Basic Arena Exercises - Make it Fun.

Discussion in 'Training Horses' started by PPH, Aug 1, 2011.

  1. PPH

    PPH Guest

    I don't know about anyone else but I find that I get really bored schooling and riding cricles. Going through some old mags and books the other day I found an article with 10 basic arena exercises that helped me break the monotony of it all. Alot of them are just variations of basic exercises that you may already know but I hope someone will get something out of them

    They all have options to increase or decrease the difficulty and skills required so you can taylor the difficulty to you and your horse. They are also good for improving your horses responsiveness, suppleness and muscle tone.

    I hope you find them as useful as I have.**)



    NOTE ** To get the most out of these exercises, make sure you
    - ride each exercise in both directions.
    - Use your inside leg on the girth to bend your horse on circles and through turns. Use your outside leg just behind the girth PLUS your outside rein against his neck to reinforce his bending.
    -Use your leg at or just behind the girth and the same side rein ahainst the neck to ask for lateral movement.
    - Work to make your cues as light and as supple as possible
    - Look ahead to where you are going not down at your horse or the ground.


    THE BASIC 8

    How To Ride It: Make a figure of 8, using the straight line of the centre to change your horses bend before heading in the new direction.
    Perks For You: Improves your ability to bend your horse, guide him precisleystraight between your reins whilst bent to the curve of the circle.
    Perks For The Horse: Encourages him to bend equally both ways and stay in tune to your steering.
    Success Tips: Focus on keeping your circles round and even in size. pay attension to the amount of rein and leg needed to get the correct bend. Add a cone or marker at the centere of the 8 as a visual cue if needed.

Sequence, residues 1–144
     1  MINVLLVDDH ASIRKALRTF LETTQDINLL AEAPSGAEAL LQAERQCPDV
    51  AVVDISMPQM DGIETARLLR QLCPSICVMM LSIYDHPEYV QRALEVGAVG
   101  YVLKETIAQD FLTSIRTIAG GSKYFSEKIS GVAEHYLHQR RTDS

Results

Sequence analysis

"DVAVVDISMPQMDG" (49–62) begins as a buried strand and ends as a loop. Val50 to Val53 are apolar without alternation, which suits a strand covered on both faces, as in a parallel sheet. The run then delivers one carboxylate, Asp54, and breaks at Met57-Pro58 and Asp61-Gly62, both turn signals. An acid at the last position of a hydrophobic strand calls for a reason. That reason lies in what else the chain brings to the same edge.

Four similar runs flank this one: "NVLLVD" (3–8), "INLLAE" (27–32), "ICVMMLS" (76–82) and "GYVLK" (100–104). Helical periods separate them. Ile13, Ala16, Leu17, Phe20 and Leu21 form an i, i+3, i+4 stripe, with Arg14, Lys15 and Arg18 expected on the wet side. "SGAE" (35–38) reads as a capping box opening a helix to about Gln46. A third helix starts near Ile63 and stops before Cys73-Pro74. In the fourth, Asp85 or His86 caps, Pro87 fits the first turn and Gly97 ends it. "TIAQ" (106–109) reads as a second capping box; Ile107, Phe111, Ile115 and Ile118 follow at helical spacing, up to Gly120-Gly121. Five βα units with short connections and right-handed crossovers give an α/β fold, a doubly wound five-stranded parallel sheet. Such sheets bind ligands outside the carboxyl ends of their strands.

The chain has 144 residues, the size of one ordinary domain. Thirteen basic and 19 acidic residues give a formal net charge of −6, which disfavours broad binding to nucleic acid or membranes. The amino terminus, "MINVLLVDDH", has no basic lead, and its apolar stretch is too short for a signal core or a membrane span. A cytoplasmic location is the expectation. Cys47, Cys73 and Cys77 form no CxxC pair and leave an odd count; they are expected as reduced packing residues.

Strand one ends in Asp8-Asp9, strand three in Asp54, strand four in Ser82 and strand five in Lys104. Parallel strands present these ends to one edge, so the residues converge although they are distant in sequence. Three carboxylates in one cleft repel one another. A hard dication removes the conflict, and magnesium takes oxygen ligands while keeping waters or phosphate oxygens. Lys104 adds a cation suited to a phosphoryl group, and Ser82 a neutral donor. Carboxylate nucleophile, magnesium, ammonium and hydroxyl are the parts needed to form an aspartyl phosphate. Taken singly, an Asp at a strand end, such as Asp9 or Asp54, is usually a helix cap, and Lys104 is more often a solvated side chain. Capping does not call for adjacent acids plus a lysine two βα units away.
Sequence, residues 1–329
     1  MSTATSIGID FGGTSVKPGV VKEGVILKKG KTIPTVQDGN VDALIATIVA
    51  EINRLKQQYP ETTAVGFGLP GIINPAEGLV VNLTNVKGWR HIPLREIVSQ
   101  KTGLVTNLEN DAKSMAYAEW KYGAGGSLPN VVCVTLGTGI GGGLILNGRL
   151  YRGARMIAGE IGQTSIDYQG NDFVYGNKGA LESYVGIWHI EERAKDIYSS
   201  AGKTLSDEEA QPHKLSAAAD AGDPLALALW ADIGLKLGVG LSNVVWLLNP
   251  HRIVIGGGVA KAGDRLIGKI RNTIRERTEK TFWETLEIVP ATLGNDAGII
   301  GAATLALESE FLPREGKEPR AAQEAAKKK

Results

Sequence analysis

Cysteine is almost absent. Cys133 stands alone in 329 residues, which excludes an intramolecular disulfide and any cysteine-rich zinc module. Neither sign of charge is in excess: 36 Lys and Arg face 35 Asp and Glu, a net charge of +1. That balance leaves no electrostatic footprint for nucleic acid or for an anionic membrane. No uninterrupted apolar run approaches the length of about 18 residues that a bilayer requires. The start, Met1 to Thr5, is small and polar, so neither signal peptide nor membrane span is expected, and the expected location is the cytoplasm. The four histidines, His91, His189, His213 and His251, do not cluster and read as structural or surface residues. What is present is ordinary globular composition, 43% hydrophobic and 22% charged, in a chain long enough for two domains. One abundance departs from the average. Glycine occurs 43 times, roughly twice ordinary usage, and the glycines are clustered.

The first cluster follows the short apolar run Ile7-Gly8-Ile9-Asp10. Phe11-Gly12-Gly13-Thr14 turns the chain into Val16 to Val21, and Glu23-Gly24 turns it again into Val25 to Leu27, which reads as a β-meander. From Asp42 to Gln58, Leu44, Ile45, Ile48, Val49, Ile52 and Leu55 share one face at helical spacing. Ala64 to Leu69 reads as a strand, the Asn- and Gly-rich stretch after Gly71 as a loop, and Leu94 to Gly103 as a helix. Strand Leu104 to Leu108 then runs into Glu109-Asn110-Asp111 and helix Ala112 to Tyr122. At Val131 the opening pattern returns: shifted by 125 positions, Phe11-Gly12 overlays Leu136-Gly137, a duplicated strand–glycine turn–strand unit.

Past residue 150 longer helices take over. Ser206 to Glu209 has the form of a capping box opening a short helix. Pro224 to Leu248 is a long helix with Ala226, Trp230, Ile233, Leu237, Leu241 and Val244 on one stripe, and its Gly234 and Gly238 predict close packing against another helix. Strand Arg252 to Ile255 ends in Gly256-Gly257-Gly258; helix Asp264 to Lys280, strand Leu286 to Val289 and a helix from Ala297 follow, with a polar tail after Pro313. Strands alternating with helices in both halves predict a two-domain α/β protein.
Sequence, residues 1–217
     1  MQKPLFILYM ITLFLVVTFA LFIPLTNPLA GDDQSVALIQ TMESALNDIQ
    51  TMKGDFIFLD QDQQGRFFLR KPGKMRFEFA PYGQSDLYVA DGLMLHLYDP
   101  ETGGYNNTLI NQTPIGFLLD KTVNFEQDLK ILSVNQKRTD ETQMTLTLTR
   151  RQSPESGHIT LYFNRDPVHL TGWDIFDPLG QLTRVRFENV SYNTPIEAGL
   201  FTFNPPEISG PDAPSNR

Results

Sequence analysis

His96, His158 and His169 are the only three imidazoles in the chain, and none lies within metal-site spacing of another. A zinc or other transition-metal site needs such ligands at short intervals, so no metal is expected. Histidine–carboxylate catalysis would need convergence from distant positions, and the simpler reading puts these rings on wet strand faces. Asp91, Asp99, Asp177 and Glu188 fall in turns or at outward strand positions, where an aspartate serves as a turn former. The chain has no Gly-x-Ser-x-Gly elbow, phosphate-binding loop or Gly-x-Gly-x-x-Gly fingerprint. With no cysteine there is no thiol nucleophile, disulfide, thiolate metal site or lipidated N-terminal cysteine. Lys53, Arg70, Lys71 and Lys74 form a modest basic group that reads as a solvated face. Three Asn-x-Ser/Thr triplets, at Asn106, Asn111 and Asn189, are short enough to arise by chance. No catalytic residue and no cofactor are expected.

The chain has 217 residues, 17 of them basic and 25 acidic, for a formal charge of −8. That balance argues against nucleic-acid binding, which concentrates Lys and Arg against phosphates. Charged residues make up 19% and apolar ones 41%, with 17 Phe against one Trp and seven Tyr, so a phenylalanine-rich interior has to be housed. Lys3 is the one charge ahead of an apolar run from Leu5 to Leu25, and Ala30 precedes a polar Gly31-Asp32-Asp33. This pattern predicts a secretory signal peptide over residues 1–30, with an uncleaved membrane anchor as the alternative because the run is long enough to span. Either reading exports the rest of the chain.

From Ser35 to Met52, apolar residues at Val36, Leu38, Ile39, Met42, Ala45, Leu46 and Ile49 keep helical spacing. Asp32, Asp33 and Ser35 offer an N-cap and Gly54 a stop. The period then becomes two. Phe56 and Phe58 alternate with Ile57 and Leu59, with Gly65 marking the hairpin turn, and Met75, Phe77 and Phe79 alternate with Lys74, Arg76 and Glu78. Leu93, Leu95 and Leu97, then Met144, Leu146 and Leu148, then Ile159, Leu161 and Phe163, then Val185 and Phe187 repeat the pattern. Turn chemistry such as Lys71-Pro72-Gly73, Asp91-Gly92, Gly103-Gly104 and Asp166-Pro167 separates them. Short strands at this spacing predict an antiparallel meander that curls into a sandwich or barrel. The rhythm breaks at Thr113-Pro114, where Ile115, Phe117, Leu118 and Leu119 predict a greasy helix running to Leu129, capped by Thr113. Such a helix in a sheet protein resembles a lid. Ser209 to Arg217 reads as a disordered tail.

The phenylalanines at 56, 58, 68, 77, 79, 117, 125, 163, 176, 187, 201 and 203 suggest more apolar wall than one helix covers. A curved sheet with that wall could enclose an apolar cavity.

Change It Up: Keep it simple by staying at a walk or a jog. make it more challenging by varying your speed, changing gaits at x or riding at a canter and changing leads at X.

    BIG CIRCLE/LITTLE CIRCLE

    How To Ride It: Go down the long side of your arena, making a small circle in one corner, continue around the arena then make a large circle in the diagonally oppisite corner.
    Perks For You: Enhanced ability to bend your horse to varying degrees.
    Perks For The Horse: Increased supplying and steering, teaches him to balance an circles of varying size.
    Success Tips: Choose landmarks around the arena to help you circle at the right point for the correct size cricle you are wanting to ride.
    Change It Up: Vary which corners you ride the small and large circles, make it more challenging by varying the speeds and changing gaits ie lope the large circle and jog the small one, or jog the circles and lope the long side of the arena getting to the next corner.

    LOOPY B

    How To Ride It: Go down the long side of the arena turning the corner as if to make a circle. Instead of completing the circle, angle back to the rail, go straight a stride or 2 on the rail then angle back out and circle round to your starting point making a loopy B.
    Perks For You: Improves your skill at bending and straightening your horse and control.
    Perks For The Horse: Propmpts him to listen to you rather than assume you are going to make a full circle. If you 2 track him, it improves his lateral flexibility as well.